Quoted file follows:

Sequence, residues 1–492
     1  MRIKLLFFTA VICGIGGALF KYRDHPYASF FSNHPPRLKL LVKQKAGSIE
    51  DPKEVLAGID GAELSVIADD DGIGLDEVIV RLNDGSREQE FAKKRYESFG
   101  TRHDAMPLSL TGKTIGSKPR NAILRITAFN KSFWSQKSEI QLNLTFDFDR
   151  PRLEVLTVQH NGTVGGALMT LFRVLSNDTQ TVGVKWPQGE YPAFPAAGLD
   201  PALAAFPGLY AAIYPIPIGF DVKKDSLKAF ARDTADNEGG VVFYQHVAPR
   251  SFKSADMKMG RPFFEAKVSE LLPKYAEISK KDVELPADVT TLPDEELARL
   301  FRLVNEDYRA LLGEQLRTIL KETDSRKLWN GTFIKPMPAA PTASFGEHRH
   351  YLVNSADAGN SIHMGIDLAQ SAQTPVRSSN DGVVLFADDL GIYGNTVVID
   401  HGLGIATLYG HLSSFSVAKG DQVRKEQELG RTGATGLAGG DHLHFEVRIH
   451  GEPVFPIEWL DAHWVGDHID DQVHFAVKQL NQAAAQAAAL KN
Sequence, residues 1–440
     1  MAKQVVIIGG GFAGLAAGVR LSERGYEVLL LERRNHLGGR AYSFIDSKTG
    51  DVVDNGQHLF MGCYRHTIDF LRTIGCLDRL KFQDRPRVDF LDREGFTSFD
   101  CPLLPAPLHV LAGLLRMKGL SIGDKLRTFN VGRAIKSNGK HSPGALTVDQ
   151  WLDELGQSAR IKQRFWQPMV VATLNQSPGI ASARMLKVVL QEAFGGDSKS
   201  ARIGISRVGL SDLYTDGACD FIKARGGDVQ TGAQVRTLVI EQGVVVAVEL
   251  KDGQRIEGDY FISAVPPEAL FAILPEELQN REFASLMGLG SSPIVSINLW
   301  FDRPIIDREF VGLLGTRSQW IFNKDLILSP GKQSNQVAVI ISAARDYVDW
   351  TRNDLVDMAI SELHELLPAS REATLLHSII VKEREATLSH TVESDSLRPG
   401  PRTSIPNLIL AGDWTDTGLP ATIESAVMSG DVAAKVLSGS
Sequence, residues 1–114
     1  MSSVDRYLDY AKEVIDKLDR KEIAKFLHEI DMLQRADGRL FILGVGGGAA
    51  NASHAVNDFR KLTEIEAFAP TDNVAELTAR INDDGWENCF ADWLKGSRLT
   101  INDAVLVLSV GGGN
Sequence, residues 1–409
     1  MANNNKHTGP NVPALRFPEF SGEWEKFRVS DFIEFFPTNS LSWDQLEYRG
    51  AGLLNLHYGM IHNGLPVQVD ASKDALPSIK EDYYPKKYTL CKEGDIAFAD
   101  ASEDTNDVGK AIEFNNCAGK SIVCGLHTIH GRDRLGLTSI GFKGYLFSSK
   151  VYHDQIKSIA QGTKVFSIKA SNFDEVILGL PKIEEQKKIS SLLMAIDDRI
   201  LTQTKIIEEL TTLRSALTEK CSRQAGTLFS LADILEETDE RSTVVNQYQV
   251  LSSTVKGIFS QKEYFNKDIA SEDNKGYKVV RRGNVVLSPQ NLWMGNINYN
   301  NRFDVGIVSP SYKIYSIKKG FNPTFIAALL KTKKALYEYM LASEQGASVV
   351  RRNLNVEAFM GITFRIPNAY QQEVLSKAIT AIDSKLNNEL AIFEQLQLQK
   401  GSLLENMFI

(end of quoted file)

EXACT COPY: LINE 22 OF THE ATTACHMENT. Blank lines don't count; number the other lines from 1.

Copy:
Sequence, residues 1–114